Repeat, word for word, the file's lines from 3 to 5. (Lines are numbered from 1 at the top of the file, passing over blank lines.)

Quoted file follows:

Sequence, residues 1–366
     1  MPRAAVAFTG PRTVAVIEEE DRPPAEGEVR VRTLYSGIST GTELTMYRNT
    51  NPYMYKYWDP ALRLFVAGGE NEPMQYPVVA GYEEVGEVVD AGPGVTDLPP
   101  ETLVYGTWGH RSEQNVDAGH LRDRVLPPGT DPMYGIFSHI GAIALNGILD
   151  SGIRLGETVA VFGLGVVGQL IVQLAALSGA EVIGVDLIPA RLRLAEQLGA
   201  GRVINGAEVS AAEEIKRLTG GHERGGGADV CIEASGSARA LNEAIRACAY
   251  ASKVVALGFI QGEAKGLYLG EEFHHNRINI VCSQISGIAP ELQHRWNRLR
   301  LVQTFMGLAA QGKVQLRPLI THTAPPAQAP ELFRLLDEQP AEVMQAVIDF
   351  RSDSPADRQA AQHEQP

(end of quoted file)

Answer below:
    51  NPYMYKYWDP ALRLFVAGGE NEPMQYPVVA GYEEVGEVVD AGPGVTDLPP
   101  ETLVYGTWGH RSEQNVDAGH LRDRVLPPGT DPMYGIFSHI GAIALNGILD
   151  SGIRLGETVA VFGLGVVGQL IVQLAALSGA EVIGVDLIPA RLRLAEQLGA